Clancy Carlile (January 18, 1930 – June 4, 1998) was an American novelist and screenwriter of Cherokee descent. He is perhaps best known for his 1980 novel Honkytonk Man, made into a film by Clint Eastwood.
Carlile was born in the Choctaw Nation's tribal jurisdictional area in Oklahoma, and his father was Cherokee. He had an "erratic childhood," and he moved to Texas at a young age. Carlile was a high school drop-out. He worked as a cotton picker until his family moved to California to pick fruit. He served in the army during the Korean War and after being discharged, obtained a master's degree at San Francisco State University.
Carlile began writing in the early 1960s, and penned his first novel, presumably As I Was Young and Easy (1958) in just 17 days. This was followed by Spore 7 (1979). In Honkytonk Man (1980), the tale of the life and death of a country singer which was made into a film by Clint Eastwood in which Eastwood also starred, Carlile wrote both the novel and the screenplay. His final novel, Children of the Dust (1995), about the settling of Oklahoma, was made into a CBS mini-series featuring Sidney Poitier. This novel is related to the author's heritage, being from the Oklahoma Territory. The story is set in the late 1880s, with Gypsy Smith (Poitier) being a gunslinger of African American and Cherokee descent who helps African American homesteaders settle the territory under the specter of white people. The Paris Pilgrims was published posthumously in 1999. The Paris Pilgrims combines "memoirs, biographies and fiction" with Carlile's imagination to present a "quasifictional account" of famous US expatriates in 1920s Paris. The Paris Pilgrims features US writer Ernest Hemingway, as well as many other public figures, "which includes everyone from Ezra Pound to Sylvia Beach to Lincoln Steffens to Picasso, Braque, Gide and Cole Porter."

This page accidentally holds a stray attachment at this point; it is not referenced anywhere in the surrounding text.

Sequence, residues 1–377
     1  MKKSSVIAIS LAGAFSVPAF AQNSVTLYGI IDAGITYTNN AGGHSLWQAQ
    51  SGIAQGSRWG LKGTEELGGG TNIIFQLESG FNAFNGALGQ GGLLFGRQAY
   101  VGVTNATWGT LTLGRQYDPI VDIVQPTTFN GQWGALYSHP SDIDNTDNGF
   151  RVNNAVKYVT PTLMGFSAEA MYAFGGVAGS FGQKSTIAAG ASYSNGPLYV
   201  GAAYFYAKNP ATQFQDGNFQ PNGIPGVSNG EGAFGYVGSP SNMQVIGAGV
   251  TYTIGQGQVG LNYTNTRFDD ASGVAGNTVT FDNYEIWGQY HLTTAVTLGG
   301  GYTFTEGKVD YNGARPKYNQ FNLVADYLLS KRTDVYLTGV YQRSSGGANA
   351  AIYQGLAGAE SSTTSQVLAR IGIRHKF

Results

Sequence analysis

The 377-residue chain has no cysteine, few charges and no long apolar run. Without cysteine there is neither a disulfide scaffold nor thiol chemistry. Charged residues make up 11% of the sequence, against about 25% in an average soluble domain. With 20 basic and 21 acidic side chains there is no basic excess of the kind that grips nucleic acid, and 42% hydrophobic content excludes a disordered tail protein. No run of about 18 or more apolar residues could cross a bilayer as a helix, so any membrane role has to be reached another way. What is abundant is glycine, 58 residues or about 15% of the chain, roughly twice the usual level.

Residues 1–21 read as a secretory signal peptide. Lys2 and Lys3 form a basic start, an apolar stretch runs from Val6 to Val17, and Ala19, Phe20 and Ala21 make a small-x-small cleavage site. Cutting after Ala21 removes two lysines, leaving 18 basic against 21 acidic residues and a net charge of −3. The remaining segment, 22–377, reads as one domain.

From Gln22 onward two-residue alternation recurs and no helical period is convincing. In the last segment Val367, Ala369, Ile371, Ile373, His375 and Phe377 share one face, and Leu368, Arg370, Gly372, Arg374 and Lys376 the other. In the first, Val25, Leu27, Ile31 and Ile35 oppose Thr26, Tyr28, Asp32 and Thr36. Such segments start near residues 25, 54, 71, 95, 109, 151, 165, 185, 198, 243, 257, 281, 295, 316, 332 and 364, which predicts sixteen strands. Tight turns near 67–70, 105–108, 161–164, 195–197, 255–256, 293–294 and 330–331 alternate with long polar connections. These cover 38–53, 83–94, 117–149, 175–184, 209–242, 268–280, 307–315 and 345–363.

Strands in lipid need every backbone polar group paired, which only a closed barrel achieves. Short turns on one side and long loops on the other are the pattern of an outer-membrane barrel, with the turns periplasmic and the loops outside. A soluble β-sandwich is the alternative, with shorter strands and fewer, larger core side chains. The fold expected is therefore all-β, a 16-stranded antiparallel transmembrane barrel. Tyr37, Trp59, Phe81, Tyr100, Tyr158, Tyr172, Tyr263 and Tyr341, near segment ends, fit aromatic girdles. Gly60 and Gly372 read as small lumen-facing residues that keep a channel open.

Carlile was also a songwriter, musician, and producer who played guitar and sang, including with members of Grateful Dead. He is credited for the music and lyrics of a song "I'm a Lovin' Man"; its 1970 recording features Carlile and possibly vocals from Bob Weir. Carlile also provides vocals on the 1972 song called "Crash and Depression," from an LP called The Nation in Prosperity and Poverty, as well as vocals, writing, and arrangement for the 1972 LP called Settling the West.
Carlile spent much of his later life in Austin, Texas, where he had a writing fellowship at the University of Texas. Carlile had a son named Steven and four grandchildren. He died in Austin from cancer at the age of 68 on June 4, 1998.
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